By Michael Kuser
POUGHKEEPSIE, N.Y. — New York’s push to derive half its electricity from clean energy by 2030 must be accompanied by regulatory consistency to develop the necessary resources, panelists said at an energy forum last week.
State regulatory policy contains inherent conflicts that hinder renewable development, Paul DeCotis, senior director of energy and utilities at West Monroe Partners, said during the June 28 Renewable Energy Conference, hosted by the Business Council of New York State and the Hudson Renewable Energy Institute at Marist College.
DeCotis, who formerly served as energy secretary and chair of the state energy planning board for two New York governors, led a panel on regulatory structure.
Speaking about Long Island solar projects unlikely to be built because they’re proposed for green space, DeCotis said, “It goes against the policy of the state of New York on the one hand, in terms of renewable energy development, but it supports other green space initiatives. There’s always going to be an inherent policy conflict, which makes these goals even more difficult to attain. So it does take some certainty of regulatory environment, and it takes time.”
DeCotis noted that he and fellow panelist Paul Curran — managing partner of BQ Energy, a Poughkeepsie-based developer of wind and solar projects on brownfield sites — started talking about the state’s need for additional transmission infrastructure investments in 2007. Those projects are likely to come online in 2020.
“That’s 13 years for transmission to be built,” DeCotis said.
Consistency is Key
“I can play by any rules … but to the extent that the rules keep changing, it gets very difficult,” Curran said. “From a regulatory point of view, we love consistency.”
Regarding the troubled solar projects on Long Island, Curran said green space is the wrong location for renewable energy.
“There’s landfills all over the place; there’s brownfields all over the place — that’s the right place,” he said.
BQ didn’t build any transmission lines at the 35-MW wind farm it constructed in Buffalo. The developer spent just $1 to buy disused substations from a shuttered steel plant that used to draw 300 MW.
“We do the same thing with landfills,” Curran said. “There’s five or six landfills in the middle of New York City, nothing else can be done with them … but the closer we get to load centers, New York City, Boston, etc., the more people like Central Hudson [Gas & Electric] value the electricity,” adding that NYISO also recognizes the value of siting generation closer to where it’s consumed.
Regulators Look to Performance
David Pacyna, CEO of North American T&D Group, said that when he talks to utilities about buying technology, “the concept of interconnecting renewables to make the utility assets perform properly under those scenarios of intermittency and so forth are, if not at the top of the list, very close to it.”
NATDG is a private equity fund that buys into technology service providers that sell to utilities in the U.S. and around the world. Prior to working for the company, Pacyna spent 30 years with Westinghouse Electric and Siemens and supervised construction of the Neptune project connecting Long Island with PJM, the Hudson transmission project and the Trans Bay Cable under San Francisco Bay.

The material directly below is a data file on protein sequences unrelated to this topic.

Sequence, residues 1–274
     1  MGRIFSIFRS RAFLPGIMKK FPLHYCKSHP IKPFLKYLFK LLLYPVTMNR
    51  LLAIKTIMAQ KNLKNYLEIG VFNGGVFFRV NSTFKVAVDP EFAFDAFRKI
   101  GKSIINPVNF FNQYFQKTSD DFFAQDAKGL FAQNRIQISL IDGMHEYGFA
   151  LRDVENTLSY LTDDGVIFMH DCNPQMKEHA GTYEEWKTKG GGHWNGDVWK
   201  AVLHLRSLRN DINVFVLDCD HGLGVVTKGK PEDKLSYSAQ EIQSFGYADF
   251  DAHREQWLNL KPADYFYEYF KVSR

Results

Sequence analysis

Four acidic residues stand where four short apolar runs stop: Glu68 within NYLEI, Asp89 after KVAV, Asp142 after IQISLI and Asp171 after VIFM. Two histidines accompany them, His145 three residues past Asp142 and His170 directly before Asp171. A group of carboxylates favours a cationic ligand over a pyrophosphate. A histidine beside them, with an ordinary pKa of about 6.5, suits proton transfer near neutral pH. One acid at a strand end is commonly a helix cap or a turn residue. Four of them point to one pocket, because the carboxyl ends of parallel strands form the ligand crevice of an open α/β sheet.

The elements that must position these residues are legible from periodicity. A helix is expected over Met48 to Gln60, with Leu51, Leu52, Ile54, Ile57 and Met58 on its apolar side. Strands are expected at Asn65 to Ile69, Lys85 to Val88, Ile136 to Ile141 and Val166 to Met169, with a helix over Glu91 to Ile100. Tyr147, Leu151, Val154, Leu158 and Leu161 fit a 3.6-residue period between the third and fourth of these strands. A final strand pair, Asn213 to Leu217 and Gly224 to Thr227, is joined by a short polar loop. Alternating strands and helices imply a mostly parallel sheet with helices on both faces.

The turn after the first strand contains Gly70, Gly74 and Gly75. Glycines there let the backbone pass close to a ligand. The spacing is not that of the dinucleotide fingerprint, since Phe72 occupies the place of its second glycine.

“What does take it in hardware and software to make those rules that frustrate all but actually result in electricity coming out of the light socket?” asked Pacyna. “There’s a growing recognition [by regulators] of the need to invest in the grid.”
On rate designs, Pacyna said regulators in states such as Missouri and Illinois are starting to ask how they can best structure rates to incentivize investment in both grid modernization versus the grid of the future.
“Regulators also are asking how they can use performance-based rates to support investment in distributed energy and renewable resources,” he said.
Lack of a Trump Effect
Ray Wuslich, partner at Winston & Strawn, thought it would be easy to make a presentation in Poughkeepsie about the impact of the Trump administration on the power industry. But when he looked at President Trump’s energy policies, he found “there wasn’t much to go on.”
“We haven’t had any big ideas in the energy space, in energy policy, in over 25 years … really going back to the 1980s when FERC and Congress started looking at competition on the natural gas side and unbundling supplies from the pipeline transportation business,” Wuslich said. “It was crystalized in the Energy Policy Act of 1992 … and everything we’ve been doing since then has been evolutions of that.”
Former President Barack Obama pushed EPA’s Clean Power Plan, which Trump made a campaign issue for its impact on the coal industry, Wuslich noted. Now that Trump has called for repeal of the CPP, which may take up to five years to achieve, “the question is, can the repeal of that rule really save the coal industry and resurrect coal-fired generation?”
Wuslich cited the obstacles facing coal: economics (that is, cheaper, more efficient natural gas); an aging coal fleet; unfavorable state policies; renewable portfolio standards in 29 states and D.C.; major corporations that are focusing on sustainability and clean energy; and the apathy of utility executives, who are not rushing out to build new coal plants.
He noted that a recent Energy Information Administration report said repeal of the CPP could boost the prospects for coal.
“But does this make sense? Does this reflect reality, given where we are in the marketplace?” Wuslich asked. “There’s hardly a week goes by where you don’t see another blurb in the trade press that so and so is going to shut down 500 MW of coal, or 300 or 1,500 or whatever. It’s just a constant drip of these plants retiring, and that’s because of the market.”